Yosl Kurland

Mount Toby Peace & Social Concerns Committee and the Concert Series presents the 3rd event in our Quaker/Jewish Relations Study

Saturday – January 11 – 7:30 pm

Yosl Kurland: A Jewish Perspective on Social Justice:

Songs in Yiddish, Hebrew and English


Many Yiddish poets wrote songs calling for social Justice, based on biblical commandments to care for the poor and the stranger because we ourselves were strangers in the land of Egypt, and the Yiddish song repertoire includes much in that vein. In tonight’s program, Yosl will perform songs by these “sweatshop” poets as well as his own compositions that reflect the Jewish experience in calling for justice for both workers and refugees. Yiddish songs will have translations projected for the audience. Aaron Bousel will accompany on Accordion.

Vocalist and educator Yosl Kurland, a founding member of the Wholesale Klezmer Band since 1982, performs and writes Yiddish songs and synagogue music. With his band he performed widely for weddings, bar mitzves nd concerts, including at Carnegie Hall with Pete Seeger, and has taught workshops at elementary, middle and high schools on Yiddish music, dance, literature. He developed a workshop on Yiddish Songs of Cultural Resistance in the Holocaust. He taught history at an inner city alternative high school for 17 years using period songs to engage students and to illustrate events more vividly. He teaches adult ed classes on Yiddish literature and klezmer music and is a cantor for Temple Israel of Greenfield.

Wholesale Klezmer Band accordionist Aaron Bousel began playing the instrument at age ten, though it wasn’t until 1995 that he began to play klezmer. He has participated in workshops at Klez Kanada in Quebec and Yidstock at the Yiddish Book Center in Amherst. Soon after moving to Amherst, MA in 1997 he became accordionist for the band Hu Tsa Tsa with which he has played at many b’nai mitzvah, weddings, and local synagogue functions. He is also accordionist for the Yiddishkeit Klezmer ensemble and has accompanied Mak’hela, the Jewish chorus of western Mass.

Suggested donation $10 to $30

Sharon Katz & The Peace Train

This concert is canceled – it is rescheduled for September 26, 2020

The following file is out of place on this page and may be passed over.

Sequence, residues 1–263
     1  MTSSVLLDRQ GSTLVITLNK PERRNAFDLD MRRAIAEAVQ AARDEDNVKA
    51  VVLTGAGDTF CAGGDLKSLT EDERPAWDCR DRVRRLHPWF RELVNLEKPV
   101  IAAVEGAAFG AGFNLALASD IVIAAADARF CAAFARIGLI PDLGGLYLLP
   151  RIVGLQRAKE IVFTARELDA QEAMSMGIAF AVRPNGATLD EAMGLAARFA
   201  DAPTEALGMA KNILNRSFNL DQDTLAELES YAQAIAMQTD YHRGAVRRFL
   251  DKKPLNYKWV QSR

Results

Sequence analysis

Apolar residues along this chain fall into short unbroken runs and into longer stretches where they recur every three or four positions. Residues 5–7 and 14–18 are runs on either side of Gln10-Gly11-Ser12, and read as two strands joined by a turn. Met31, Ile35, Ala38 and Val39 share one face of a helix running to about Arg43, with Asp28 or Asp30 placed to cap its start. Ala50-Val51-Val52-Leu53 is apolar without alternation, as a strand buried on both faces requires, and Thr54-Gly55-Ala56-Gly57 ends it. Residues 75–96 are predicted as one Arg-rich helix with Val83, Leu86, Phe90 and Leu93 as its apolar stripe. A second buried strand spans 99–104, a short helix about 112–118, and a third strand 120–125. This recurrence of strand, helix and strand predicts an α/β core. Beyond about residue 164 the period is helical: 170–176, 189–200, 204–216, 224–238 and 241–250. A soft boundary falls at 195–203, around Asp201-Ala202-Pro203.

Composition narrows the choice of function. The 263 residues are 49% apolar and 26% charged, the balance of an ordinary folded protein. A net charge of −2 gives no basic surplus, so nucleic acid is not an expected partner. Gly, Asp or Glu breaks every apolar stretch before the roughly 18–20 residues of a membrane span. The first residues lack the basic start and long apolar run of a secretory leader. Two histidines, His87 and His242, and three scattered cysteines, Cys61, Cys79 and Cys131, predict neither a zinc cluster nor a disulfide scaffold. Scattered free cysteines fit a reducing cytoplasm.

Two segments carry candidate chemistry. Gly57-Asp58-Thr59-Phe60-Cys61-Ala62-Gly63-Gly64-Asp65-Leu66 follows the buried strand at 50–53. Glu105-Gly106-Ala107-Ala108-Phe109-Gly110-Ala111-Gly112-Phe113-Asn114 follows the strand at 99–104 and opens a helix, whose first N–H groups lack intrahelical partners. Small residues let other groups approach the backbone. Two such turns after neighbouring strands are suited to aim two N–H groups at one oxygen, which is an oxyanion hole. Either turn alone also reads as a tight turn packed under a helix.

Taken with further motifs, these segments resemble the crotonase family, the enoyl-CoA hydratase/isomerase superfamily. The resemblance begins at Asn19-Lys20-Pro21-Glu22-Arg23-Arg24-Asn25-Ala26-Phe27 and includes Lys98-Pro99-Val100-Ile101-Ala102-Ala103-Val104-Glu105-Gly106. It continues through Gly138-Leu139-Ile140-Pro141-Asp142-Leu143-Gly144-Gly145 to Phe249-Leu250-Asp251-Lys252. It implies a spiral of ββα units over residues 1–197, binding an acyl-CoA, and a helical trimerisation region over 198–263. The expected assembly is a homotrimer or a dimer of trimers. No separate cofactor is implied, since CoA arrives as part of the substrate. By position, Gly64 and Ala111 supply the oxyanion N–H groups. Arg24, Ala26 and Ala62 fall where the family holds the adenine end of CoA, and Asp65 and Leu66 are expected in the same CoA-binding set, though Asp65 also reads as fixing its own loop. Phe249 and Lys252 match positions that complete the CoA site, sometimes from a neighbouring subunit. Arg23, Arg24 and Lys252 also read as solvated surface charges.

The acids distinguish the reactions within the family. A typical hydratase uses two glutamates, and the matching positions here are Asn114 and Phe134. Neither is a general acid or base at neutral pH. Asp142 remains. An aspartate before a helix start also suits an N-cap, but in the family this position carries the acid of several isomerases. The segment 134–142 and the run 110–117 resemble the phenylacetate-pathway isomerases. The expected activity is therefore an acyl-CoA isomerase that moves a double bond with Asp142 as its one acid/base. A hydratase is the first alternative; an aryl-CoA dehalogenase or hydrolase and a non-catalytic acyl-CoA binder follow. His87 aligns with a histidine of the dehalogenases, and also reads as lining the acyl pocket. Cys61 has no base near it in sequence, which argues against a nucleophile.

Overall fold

Sharon sends her regrets that she can’t make it on Dec. 14, 2019. There will not be a substitute performer on this date.

Sharon Katz & The Peace Train

Saturday, December 14, 7:30 pm


The multicultural South African band of Sharon Katz & The Peace Train helped Nelson Mandela end Apartheid and they continue spreading their message of peace and reconciliation through music all around the world. Honoring South Africa’s 25th Anniversary, The Peace Train:Transcending Barriers tour features concerts, film screenings and workshops across Africa, Mexico, Cuba and the United States in 2019-2020. Their November 1st, 2019 Cuba tour featured a concert in Santiago de Cuba at the 33rd International Festival of Choirs with a 150 voice children’s choir and 57 piece Symphony Orchestra.

On the Grammy’s “Best World Music Album” ballot, they made history when they formed South Africa’s first, 500-voice multiracial choir & then organized a courageous tour on board a train –The Peace Train – to promote a peaceful transition to democracy.

This year, 2019 saw the band gracing the main stages of Old Songs and Philadelphia Folk Festivals and Sharon also performed her compositions at a concert in a stadium in Tijuana, Mexico with a 1,500 voice children’s choir. Sharon was honored to receive the 2019 Phil Ochs Award in recognition of her music and activism for social and political change.

The versatile group of musicians, singers, dancers and workshop leaders entertain, educate and inspire audiences of all ages and sizes. Melodies from South Africa’s diverse cultures, including Maskanda, Kwasa-Kwasa and Mbaqanga, are fused with rock, folk and funk to tell South Africa’s story – past and present – through music and dance.